Wednesday, September 23, 2020 at 5:00pm
Discussion of Silvia Tomaskova's Wayward Shamans: The Prehistory of an Idea
This seminar considers how images travel through time, dropping in and out of linear histories and reshaping perception, institutions, and social practices along the way. We will study images and objects that are at odds with the moment of their appearance, whether they outlived their initial function or lost contact with their original cultural contexts. Monuments to unjust pasts; icons manifesting fallen gods; ancient ruins in modern structures; replicas and forgeries; old images restored by new technologies: these images force a paradox into view.
While they endure within continuous histories, they also remain stubborn signs of vanished worlds, out of step with the present. Images in the wrong place at the wrong time have justified the civilizing mission of empire and acts of iconoclasm. They continue to structure debates about repatriating artifacts, dismantling monuments and museums, and preserving cultural heritage destroyed by war or exploitation. When “images out of time” suddenly upset our faith in the march of history, they challenge our ability to measure our distance from the past, to understand ourselves, and to imagine collective futures.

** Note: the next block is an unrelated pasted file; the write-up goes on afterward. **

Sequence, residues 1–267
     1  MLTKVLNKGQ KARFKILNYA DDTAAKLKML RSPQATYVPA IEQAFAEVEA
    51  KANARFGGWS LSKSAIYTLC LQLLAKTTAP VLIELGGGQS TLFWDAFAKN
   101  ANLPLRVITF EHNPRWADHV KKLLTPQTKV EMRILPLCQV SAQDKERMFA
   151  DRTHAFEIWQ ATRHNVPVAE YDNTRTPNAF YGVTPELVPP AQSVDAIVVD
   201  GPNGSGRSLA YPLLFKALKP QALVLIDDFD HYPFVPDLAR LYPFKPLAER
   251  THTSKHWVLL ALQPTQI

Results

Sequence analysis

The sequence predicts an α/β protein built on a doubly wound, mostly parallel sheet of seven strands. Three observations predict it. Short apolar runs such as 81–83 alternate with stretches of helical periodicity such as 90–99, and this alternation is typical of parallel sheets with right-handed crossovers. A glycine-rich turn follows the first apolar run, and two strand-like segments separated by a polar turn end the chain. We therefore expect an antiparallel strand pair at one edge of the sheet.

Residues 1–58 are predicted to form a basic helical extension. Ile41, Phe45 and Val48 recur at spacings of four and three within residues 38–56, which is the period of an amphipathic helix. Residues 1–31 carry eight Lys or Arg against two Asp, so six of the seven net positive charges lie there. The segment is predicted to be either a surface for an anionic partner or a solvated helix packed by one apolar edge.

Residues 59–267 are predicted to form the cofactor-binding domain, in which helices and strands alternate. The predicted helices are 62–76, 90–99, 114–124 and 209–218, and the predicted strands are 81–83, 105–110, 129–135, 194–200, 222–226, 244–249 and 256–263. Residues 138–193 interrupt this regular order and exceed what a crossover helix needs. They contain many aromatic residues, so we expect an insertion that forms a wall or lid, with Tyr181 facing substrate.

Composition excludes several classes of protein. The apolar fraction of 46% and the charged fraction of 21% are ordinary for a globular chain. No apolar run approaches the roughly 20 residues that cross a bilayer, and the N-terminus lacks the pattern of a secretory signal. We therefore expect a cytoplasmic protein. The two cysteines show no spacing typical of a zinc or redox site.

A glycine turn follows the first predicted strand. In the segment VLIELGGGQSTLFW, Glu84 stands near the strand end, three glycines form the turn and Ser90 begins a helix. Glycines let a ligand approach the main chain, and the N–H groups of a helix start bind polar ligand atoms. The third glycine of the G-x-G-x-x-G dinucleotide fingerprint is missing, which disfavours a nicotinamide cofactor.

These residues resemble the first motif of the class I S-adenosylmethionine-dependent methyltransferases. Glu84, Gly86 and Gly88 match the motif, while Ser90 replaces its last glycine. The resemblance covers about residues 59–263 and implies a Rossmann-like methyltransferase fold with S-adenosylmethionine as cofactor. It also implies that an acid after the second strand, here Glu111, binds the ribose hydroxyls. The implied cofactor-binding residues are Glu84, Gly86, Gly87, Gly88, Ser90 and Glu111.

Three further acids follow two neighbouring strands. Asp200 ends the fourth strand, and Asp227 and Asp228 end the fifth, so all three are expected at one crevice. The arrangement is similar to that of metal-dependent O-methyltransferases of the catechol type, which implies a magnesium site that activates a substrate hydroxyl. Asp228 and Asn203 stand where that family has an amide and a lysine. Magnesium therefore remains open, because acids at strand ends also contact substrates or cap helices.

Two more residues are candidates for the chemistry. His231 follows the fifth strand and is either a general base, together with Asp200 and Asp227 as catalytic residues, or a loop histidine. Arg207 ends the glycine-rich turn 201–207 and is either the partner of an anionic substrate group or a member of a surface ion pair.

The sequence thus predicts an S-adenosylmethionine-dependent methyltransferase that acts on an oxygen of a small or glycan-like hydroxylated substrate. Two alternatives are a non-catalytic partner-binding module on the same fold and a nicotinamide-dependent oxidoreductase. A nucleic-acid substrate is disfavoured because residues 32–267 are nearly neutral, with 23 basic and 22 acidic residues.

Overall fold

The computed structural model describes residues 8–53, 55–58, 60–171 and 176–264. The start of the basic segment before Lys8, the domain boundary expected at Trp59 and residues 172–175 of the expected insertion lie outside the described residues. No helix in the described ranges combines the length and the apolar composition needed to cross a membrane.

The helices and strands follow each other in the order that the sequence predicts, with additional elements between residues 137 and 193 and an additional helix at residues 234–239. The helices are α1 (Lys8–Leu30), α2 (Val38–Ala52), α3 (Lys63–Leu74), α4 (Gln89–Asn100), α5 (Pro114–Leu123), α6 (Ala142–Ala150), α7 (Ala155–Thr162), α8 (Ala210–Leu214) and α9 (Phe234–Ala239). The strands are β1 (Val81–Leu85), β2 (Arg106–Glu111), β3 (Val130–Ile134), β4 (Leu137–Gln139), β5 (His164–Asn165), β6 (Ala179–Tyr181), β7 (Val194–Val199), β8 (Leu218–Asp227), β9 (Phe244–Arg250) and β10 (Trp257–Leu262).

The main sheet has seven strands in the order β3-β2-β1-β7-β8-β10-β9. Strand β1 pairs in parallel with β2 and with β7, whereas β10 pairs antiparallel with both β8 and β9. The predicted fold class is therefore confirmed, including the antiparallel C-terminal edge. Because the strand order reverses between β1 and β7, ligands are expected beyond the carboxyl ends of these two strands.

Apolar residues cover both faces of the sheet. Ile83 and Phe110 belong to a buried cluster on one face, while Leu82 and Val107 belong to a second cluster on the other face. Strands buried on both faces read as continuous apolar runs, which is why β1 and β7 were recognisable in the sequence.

Events include speakers, reading groups and writing workshops that intersect art history, religious studies, history, anthropology, literature, and film, and cuts across divisions separating premodern and modern, as well as European, Atlantic, and Pacific spheres.
This seminar is open to all interested participants and is organized by Prof. Megan R. Luke (Art History) with Prof. David Albertson (Religion) and Prof. Nancy Lutkehaus (Anthropology).
For inquiries or suggestions for future programming, please contact firstname.lastname@example.org. RSVP to email@example.com to participate in this conversation.